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Your W-2: How to Understand This Important Tax Form


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What Is a W-2 Form? W-2 Wage and Tax Statement Instructions

Throughout January, workers are getting W-2 tax forms from their employers. To help you decipher the often-obscure codes and numbers you'll find on your form, below we've provided a box-by-box description of what you should expect to see on your W-2.

Boxes a-f: Personal and Business Information

Each W-2 includes information about your employer, including its name, address and tax identification number. It will also have your name, address, and Social Security number. It's important to check this information to ensure accuracy. Because a copy of your W-2 goes to the Social Security Administration to establish your work history and eligibility for Social Security benefits, mistaken Social Security numbers can lead to lower monthly payments in retirement or even denial of benefits entirely.

Box 1: Wages, Tips, and Other Compensation

Box 1 includes the figure that you'll include on your income tax form as taxable compensation. The number in Box 1 excludes benefits that aren't subject to tax, such as amounts you have withheld to pay your share of health-insurance premiums or contributions to employer-sponsored retirement plans.

Box 2: Federal Income Tax Withheld

Box 2 shows how much money your employer took out of your paycheck to cover your income tax liability. You'll include this on your tax return as well, and if it's larger than what you owe in taxes, then you'll get a refund for the difference.

Boxes 3 and 4: Social Security Wages and Tax Withheld

Boxes 3 and 4 show how much of your wages were subject to Social Security tax and how much tax your employer actually took out of your paycheck. This wage amount can differ from what's in Box 1 because many items that are deductible for income-tax purposes aren't exempt from Social Security tax. For instance, you still have to pay Social Security taxes on 401(k) and other employer-plan contributions. Also, if you earn more than the maximum amount on which Social Security charges payroll taxes -- $117,000 for 2014 -- then Box 3 will be capped at that amount.

Boxes 5 and 6: Medicare Wages and Tips and Tax Withheld

Similarly, Boxes 5 and 6 show the same calculations for Medicare taxation. The primary difference here is that there's no upper limit on income subject to Medicare taxes, so the Box 5 figure will be higher than Box 3 for high-income earners.

Boxes 7 and 8: Social Security Tips and Allocated Tips

For those who work in jobs with substantial tip income, Box 7 will show what tips you reported to your employer. They're already included in Box 1, so no additional work is necessary on your part. But if you have an entry in Box 8, your employer likely didn't report enough tip income for you and other employees. As a result, you'll have to add this amount to your taxable income in Box 1 and also file Form 4137 to report and pay additional payroll taxes on your tip income.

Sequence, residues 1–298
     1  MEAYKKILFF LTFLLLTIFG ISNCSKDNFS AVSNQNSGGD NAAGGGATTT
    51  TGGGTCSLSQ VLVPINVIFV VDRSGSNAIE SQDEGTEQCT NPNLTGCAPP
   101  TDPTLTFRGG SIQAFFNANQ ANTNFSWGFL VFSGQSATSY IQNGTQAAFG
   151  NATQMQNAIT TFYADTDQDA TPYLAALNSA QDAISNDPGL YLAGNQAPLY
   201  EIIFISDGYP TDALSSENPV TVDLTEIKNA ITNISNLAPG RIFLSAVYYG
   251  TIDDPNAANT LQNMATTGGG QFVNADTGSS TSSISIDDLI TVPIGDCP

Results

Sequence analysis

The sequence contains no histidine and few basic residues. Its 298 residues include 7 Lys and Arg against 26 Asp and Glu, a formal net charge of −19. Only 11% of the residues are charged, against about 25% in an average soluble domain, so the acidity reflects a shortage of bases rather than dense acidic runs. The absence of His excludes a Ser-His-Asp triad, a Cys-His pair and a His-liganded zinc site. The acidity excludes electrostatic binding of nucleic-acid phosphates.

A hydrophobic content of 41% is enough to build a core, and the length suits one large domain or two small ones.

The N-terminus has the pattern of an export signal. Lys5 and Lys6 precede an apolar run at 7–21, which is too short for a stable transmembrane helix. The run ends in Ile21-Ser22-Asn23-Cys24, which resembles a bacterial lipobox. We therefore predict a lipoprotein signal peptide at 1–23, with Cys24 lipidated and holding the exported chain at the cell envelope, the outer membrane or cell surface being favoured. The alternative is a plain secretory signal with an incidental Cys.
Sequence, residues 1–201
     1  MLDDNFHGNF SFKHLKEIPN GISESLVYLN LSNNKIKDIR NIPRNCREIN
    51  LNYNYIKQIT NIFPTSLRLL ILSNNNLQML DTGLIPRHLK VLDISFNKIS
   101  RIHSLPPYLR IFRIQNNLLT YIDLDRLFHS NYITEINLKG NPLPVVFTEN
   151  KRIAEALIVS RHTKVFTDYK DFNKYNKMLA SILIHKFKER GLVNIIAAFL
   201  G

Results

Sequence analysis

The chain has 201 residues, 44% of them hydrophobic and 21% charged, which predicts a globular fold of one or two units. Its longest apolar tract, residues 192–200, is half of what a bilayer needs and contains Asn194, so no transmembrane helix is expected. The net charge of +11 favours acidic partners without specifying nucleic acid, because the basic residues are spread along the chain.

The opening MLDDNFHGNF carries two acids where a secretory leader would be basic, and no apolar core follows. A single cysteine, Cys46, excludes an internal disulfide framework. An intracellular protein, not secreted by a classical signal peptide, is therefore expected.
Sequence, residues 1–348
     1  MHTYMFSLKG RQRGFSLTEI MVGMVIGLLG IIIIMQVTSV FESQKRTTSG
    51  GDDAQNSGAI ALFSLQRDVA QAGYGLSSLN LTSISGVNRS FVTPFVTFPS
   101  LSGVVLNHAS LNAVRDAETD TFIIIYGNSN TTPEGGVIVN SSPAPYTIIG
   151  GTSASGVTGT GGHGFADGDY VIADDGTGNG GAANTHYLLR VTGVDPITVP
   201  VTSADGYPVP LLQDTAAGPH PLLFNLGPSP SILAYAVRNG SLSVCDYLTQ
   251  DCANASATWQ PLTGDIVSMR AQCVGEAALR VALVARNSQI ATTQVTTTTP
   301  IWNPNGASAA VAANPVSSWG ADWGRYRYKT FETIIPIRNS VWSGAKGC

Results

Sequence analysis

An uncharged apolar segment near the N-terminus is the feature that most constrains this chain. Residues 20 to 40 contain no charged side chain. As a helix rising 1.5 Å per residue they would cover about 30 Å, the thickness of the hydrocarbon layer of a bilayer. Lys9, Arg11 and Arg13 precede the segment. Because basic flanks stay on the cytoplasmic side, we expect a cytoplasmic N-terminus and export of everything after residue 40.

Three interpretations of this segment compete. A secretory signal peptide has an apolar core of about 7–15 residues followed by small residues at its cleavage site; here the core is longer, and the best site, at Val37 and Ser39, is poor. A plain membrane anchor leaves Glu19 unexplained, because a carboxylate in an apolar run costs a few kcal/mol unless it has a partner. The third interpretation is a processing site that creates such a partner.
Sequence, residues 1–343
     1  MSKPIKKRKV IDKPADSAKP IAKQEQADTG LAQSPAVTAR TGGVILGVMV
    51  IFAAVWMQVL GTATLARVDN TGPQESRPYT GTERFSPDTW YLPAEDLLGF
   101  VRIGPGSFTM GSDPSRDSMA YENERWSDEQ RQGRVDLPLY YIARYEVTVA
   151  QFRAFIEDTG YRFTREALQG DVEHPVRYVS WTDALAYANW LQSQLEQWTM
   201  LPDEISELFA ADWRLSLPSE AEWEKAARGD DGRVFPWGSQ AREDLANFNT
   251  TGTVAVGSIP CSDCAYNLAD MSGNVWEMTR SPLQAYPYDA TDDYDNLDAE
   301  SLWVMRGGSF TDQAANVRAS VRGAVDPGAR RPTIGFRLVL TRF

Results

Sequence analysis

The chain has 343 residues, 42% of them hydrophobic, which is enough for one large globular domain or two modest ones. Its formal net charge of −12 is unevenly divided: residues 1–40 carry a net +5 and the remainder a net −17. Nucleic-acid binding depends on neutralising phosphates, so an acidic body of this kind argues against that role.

Box 9: Nothing to See Here

One oddity you'll notice is that your W-2 skips over Box 9. This area was once used to reflect any advance payments of Earned Income Tax Credits your employer made to you. Under current law, though, employers no longer make such payments, and so many W-2s simply have a blank area of the form where Box 9 used to be.

Box 10: Dependent Care Benefits

Those who get financial assistance for caring for children or other dependents will have the amount received in Box 10. You'll need this number to help calculate your Child and Dependent Care Tax Credit properly, as well as the amount you paid out of your own pocket for care.

Box 11: Non-qualified Plans

Some employees receive money from non-qualified deferred compensation plans, and for most employees, any amount here will already included in Box 1. But if your employer contributes to such a plan for services in prior years, it will be included here and in Boxes 3 and 5 but not necessarily in Box 1. Moreover, government employees who participate in Section 457 plans might have amounts here that won't be included elsewhere on the W-2.

Box 12: Catchall Area

Your employer can put several items in Box 12. An explanation of each code is on the back of your W-2, and you can also find a list of codes on page 27 of these IRS instructions. Essentially, though, things you find here will give you information about the particular compensation or benefits you received, and in many cases, you'll need these numbers elsewhere in your tax return to account properly for certain items.

Box 13: For Certain Workers

In Box 13, certain workers will have the boxes marked if they are statutory employees, participate in a company-sponsored retirement plan or receive sick pay from someone other than your employer. This information can determine eligibility for certain tax benefits, and it can also help the IRS identify individuals who would otherwise be treated as independent contractors.

Box 14: Other

This box is available for any other information an employer needs to give employees, such as union dues, payments for educational assistance, or taxes withheld for state disability insurance.

Boxes 15-20: State and Local Tax Information

Finally, Boxes 15 to 20 provide information that state and local tax authorities need to determine what you owe in state and local taxes. Income amounts will appear in Boxes 16 and 18, and any taxes you have withheld will appear in Boxes 17 and 19. You'll want to use those figures in preparing your state or local returns.

Motley Fool contributor Dan Caplinger is one of those rare people who actually enjoys talking about tax forms. You can follow him on Twitter @DanCaplinger or on Google Plus. To read about our favorite high-yielding dividend stocks for any investor, check out our free report.


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